1. Person A (we’ll call him Samantha since his parents really wanted a girl) sends an e-mail to multiple distribution lists informing everyone of very important breaking news. For example, the building is on fire, or the cafeteria is out of pudding.
  2. Grateful for the advice that saved her from burning to death or taking an unnecessary walk to the cafeteria for non-existent pudding, Person B (we’ll call her Big Sally) hits “Reply All,” types “Thanks Samantha,” and presses “Send.”
  3. You (we’ll call you Chestaroti McFinkelstein) sit down at your desk and read through your e-mails, eventually getting to Samantha’s fiery or puddingly warning. You also see a reply from Big Sally in your inbox. You open it, eager to discover if the pudding stocks have been replenished. Alas, it is simply a thank you to Samantha that Big Sally decided to share with you and 2,000 other company employees.

Her intentions were noble, but Big Sally just cost you five seconds of your life and your company $277. How do I figure that? Let’s say that each of your 2,000 co-workers costs your company an average of $100 an hour (including benefits, bonuses, and all that wine you guys drink at the company Christmas party).

2,000 employees x $100/hour ÷ 3600 seconds x 5 seconds to read the thank you e-mail = $277.78

Now let’s say that each of those 2,000 employees sends just one mass-thanking a year.

2,000 employees x $277.78 = $555,560

Thanks to you and your co-workers thanks, your CEO will be unable to feed his daughter a diet of molten gold and crushed diamonds she so greatly deserves. Way to go, Chestaroti!

Fixing the Reply-All Thank You Problem

There are many apparent solutions to the reply-all thank you dilemma, but most of them won’t work.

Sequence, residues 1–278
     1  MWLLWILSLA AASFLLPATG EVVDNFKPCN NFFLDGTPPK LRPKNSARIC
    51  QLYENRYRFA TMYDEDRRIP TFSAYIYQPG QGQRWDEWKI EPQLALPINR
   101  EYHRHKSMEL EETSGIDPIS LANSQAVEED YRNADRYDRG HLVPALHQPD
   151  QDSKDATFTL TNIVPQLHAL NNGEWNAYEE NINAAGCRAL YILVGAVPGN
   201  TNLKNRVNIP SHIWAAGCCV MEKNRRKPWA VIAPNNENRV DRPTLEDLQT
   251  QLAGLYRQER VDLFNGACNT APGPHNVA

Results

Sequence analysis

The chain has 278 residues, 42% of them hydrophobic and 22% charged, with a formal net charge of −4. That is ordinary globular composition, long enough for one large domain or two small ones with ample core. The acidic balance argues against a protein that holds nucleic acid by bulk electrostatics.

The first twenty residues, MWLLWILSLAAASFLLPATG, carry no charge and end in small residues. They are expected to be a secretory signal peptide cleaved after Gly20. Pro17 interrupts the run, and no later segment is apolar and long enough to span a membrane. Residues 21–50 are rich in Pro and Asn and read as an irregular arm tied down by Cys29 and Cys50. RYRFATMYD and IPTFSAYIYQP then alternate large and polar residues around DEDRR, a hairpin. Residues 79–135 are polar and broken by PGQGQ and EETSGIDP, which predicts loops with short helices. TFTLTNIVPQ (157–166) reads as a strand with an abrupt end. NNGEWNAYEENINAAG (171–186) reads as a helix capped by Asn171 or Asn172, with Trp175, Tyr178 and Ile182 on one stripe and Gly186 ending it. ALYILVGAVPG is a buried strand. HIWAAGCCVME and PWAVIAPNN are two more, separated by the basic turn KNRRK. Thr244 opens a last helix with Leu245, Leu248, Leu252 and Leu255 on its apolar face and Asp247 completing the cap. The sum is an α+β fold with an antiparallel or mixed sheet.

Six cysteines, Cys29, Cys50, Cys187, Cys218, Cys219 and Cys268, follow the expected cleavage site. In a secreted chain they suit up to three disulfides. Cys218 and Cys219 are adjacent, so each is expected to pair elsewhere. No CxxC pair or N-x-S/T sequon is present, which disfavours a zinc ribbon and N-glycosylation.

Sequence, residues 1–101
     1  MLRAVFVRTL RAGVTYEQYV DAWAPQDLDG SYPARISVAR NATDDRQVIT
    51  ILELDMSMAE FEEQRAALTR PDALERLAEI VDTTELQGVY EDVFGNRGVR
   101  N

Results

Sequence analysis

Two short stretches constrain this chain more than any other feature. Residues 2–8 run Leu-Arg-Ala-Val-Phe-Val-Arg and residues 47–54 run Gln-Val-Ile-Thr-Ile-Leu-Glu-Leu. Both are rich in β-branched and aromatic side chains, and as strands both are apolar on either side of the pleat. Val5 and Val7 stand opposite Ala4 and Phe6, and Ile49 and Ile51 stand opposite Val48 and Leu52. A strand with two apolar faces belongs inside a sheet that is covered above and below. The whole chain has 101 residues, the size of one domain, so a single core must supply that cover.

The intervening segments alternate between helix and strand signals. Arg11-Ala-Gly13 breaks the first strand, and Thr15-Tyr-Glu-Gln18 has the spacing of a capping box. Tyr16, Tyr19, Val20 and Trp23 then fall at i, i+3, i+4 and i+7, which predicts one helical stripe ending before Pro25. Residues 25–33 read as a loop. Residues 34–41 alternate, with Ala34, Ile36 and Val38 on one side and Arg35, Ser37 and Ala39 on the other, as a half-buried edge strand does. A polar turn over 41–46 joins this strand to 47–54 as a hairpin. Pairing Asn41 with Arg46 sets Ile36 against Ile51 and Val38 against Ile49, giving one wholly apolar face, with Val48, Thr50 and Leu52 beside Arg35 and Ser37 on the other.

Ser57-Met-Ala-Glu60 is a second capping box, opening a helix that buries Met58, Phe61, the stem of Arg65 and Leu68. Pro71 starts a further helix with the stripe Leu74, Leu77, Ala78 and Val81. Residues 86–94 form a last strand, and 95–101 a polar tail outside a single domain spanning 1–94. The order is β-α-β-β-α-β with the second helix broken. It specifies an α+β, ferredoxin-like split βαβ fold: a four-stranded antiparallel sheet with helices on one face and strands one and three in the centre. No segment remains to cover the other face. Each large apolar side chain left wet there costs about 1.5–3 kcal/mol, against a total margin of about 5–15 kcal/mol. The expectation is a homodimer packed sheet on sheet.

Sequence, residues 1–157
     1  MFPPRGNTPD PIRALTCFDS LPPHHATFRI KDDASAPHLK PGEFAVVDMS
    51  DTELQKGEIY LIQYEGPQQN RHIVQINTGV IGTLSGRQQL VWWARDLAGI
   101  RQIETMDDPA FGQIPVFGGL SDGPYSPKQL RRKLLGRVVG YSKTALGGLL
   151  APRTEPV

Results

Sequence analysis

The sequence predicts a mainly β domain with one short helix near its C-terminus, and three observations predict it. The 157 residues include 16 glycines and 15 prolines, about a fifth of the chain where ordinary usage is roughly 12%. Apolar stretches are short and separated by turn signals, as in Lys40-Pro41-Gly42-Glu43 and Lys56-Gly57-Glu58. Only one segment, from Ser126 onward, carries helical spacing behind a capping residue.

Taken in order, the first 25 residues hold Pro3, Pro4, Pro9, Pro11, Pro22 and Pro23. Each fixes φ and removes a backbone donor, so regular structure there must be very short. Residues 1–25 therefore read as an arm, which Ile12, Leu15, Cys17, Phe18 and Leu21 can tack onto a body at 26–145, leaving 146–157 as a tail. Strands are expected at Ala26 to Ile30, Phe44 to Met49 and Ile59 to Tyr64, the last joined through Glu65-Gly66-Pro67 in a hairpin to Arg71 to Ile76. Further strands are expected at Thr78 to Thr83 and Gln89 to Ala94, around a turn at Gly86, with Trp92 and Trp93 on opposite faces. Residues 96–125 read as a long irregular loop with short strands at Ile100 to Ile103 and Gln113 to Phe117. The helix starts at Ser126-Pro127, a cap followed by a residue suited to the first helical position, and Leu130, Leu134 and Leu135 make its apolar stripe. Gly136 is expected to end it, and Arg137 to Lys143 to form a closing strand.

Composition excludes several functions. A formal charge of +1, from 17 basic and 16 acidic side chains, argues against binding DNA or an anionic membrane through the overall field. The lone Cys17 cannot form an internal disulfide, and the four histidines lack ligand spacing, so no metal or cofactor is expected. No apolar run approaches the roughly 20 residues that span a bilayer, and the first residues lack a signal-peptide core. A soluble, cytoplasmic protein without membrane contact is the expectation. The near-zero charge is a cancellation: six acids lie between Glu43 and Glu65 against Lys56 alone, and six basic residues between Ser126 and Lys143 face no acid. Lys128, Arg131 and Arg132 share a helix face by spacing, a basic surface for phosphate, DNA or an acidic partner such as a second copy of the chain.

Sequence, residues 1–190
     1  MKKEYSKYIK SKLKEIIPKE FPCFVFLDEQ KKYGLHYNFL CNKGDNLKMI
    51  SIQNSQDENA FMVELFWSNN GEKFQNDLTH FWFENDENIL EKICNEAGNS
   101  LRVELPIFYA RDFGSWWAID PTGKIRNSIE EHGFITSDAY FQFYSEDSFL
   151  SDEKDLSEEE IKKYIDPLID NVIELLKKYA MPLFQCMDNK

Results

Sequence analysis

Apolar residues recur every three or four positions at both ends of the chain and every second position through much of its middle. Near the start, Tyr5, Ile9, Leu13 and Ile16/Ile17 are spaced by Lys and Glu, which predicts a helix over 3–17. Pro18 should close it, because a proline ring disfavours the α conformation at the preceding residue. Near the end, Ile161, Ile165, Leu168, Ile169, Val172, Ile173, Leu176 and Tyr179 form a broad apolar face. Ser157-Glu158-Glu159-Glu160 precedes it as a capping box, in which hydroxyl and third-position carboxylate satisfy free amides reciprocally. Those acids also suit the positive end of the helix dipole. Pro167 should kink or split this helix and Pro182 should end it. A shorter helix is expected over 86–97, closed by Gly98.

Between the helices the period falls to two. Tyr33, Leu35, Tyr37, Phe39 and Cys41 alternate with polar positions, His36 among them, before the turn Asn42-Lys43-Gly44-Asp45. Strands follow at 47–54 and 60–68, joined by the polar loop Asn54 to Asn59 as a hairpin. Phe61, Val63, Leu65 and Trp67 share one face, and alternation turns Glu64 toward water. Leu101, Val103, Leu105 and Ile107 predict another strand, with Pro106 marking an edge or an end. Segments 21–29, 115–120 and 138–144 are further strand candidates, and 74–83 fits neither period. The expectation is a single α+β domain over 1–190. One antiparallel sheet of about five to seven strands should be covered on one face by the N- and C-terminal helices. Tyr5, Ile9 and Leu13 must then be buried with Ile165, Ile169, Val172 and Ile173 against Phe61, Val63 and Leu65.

• Reply-Not-All. Instead of hitting “Reply All” when sending your thanks, you could simply click “Reply” and send your thanks only to Samanta. This won’t work because, thinking that Samantha is going unthanked, many of your 2,000 co-workers will also thank him individually. Samantha spends the rest of the day reading thank you e-mails, and the cafeteria pudding stocks remain empty through tomorrow.
  • Stop by the thankee’s office. Delivering your thanks in person rather than over e-mail is more personal, but as with Reply-Not-Alls, everyone else will still e-mail thanks to Samantha (and copy the rest of the company). Or maybe they’ll all line up in front of his office, costing the company far more than $277 an e-mail.
  • Give no thanks. Sure, this might save your company over half a million dollars a year if you and every single one of your co-workers agreed to ban thank you e-mails, but then everyone would go unthanked and unappreciated. Workplace depression would skyrocket, and mental healthcare costs would triple your insurance premiums.

My solution is simple and will save your company thousands of man hours this year alone. I present to you… your new work uniform:

t-shirt: thank you for whatever you did for me or may eventually do for me or are doing for me right now. you are really awesome, and i hope reading this t-shirt can take the place of a reply-all thank you e-mail that would just waste everybody's time